Editor’s Note: This is a guest post written by Adam “The Tailgate Knight” Goldstein. Goldstein is the author of the book Tailgate To Heaven: A British NFL Tackles America.
For six straight seasons the NFL has brought over two teams to do battle in London and the famous new Wembley stadium. Thankfully the NFLUK, (the NFL’s U.K side dish) realise that you can not have a true NFL experience without a Tailgate and they have done an amazing job each and every year to provide this…or rather a form of this, because what they really have on for two straight days is a huge fan zone. Saturday’s fan rally is in Trafalgar square and free for anyone, while Sunday’s “Tailgate” is much the same with player interviews, Super Bowl trophies, but you need a game day ticket to get in.
The Definition of a tailgate, can differ greatly from tailgater to tailgater. As someone who has tailgated at numerous NFL stadiums, I would say that true tailgating is something where friends come together in or nearby the stadium, and cook for each other with no money exchanging hands. Once inside the Tailgate at Wembley you can only buy food.
I believe there are three crucial elements that the U.S has which allows for this “tailgating freedom”. Car parking space, the laws of public flames and culture.
Many NFL stadiums have vast car parking spaces and many Americans drive to games. In the U.K our cars are not only smaller, but there is limited parking at most stadiums. Our stadiums are like Wrigley Field in Chicago, in a residential area. Wembley does have a lot of car parking space for a U.K venue, but considering it seats up to 90,000 people it is not anywhere near the size of U.S parking lots. The space that it does have is taken up with the so called “Tailgate Party” run by the NFLUK and its sponsors, which we locals call this the “Official Tailgate”. Even though this is not a real tailgate, the NFLUK provides hours of entertainment, something that does not happen at all for soccer matches at the same venue.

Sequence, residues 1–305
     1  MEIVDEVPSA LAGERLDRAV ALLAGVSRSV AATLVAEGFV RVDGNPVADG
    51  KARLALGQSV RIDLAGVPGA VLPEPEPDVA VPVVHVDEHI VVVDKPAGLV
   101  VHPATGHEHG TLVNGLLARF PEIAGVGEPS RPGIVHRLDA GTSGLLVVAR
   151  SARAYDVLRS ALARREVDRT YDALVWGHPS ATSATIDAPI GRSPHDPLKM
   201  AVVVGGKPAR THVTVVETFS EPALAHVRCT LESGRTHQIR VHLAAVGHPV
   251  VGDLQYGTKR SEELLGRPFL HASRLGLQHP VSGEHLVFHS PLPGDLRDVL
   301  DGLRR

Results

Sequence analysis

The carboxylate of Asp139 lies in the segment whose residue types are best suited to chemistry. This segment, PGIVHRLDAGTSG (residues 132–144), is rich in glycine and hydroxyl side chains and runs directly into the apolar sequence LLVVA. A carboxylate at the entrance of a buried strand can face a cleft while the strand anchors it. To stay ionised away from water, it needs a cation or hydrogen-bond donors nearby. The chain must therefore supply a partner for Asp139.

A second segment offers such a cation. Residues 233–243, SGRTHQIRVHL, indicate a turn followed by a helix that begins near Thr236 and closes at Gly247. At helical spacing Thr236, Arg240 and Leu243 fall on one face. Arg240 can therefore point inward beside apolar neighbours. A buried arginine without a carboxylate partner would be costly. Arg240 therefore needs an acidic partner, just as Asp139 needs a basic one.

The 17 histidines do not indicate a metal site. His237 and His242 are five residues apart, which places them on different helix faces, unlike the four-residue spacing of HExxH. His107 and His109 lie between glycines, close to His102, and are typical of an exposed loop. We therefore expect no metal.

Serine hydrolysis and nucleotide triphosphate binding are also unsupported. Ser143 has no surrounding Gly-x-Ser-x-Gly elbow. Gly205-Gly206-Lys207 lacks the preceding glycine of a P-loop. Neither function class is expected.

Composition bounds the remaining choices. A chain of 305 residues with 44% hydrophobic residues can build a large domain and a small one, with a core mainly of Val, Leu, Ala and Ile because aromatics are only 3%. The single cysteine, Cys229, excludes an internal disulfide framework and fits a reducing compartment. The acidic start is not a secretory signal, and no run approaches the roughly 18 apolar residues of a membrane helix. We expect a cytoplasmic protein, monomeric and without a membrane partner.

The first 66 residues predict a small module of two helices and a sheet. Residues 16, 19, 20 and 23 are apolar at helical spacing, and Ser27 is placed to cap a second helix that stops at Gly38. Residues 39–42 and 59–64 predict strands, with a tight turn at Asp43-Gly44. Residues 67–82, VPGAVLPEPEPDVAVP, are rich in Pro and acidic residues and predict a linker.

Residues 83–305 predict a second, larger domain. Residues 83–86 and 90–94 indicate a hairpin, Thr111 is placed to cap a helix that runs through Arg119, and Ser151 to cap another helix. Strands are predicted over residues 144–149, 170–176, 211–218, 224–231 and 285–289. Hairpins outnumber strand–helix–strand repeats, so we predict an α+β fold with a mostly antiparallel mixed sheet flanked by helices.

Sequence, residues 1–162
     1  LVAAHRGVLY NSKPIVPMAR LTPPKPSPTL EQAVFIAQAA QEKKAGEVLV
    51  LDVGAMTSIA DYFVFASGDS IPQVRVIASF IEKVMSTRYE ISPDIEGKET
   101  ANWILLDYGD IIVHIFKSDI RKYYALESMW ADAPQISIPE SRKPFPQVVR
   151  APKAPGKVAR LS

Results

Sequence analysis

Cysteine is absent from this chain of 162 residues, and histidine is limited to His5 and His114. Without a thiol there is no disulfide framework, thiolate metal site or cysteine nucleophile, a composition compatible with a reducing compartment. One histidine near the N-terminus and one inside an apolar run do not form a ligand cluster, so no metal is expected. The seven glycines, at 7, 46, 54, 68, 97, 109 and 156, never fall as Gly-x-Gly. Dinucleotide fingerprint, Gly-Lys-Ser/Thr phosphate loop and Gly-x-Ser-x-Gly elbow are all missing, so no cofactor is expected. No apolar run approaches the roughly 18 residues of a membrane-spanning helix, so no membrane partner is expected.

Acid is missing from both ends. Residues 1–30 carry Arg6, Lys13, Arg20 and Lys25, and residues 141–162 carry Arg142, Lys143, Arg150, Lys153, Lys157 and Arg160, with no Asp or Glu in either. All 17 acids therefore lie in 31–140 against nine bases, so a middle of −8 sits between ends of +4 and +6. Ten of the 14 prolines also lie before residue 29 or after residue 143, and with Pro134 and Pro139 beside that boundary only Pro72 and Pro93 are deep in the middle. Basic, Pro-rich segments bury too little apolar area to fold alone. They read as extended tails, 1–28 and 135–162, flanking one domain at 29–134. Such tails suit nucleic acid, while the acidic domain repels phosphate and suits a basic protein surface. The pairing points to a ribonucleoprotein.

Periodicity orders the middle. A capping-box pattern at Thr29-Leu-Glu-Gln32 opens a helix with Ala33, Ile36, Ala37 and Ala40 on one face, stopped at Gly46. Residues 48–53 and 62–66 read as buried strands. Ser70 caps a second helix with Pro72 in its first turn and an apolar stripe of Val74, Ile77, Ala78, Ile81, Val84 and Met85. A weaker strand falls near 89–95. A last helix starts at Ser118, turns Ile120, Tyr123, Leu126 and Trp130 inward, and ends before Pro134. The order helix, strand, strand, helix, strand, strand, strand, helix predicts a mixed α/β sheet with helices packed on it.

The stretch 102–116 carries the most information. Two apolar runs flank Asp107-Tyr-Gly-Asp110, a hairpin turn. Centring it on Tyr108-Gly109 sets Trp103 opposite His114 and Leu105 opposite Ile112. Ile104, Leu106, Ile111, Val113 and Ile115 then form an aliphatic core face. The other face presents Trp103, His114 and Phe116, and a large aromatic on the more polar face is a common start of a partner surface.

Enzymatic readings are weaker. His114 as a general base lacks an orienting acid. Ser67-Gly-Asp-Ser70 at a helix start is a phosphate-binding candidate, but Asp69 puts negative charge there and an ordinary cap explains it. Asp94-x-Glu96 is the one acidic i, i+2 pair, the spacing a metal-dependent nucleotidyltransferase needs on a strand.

Wembley stadium is serviced by a subway stop and a mainline station both within 10 minutes of walking distance. When 95% of fans are coming by public transport it makes it difficult to bring your grill and flat screen TV so most fans across the country go to a pub before hand to get their booze on.
Okay, so even if we did have lots of space and decent sized cars to transport our grills and such, tailgating would still be thwarted because we are not allowed naked flames in public. We can however have open liquor and drink alcohol on the streets, hence there is no need for the bright red cup. This upsets me because you can’t have a true tailgate without the red cups. I actually searched high and low in the U.K for these magical receptacles to play some beer pong, but I couldn’t find any!
In the U.K there are some designated areas where you can take a portable or disposable grills, and these areas are growing in some parks. There is usually a sand bag or emergency water nearby, but there is no way any higher authorities would allow fans to cook themselves near a stadium. Sure our BBQ culture is growing, which is great, and people can buy some great food at the Official Tailgate. Unfortunately those vendors have a trailer, staff, roped off areas and they probably had to fill out a mountain of paper work doing risk assessments and health and safety checks.
With soccer hooliganism still lurking in the shadows it will take a long time for the politicians to trust fans to cook for themselves. I do hear that at International Rugby matches at Twickenham, there is some kind of a small tailgate. In Rugby, the crowds are not separated like in soccer, and the sport is followed by the middle classes and not the working classes like in soccer. Plus Twickenham is not serviced by as many rail links like Wembley, so more people drive to those games. I propose, and have done for some time, that for these reasons, the International Series should be at Twickenham, the home of Rugby and not at Wembley, the home of soccer (and its hooligans).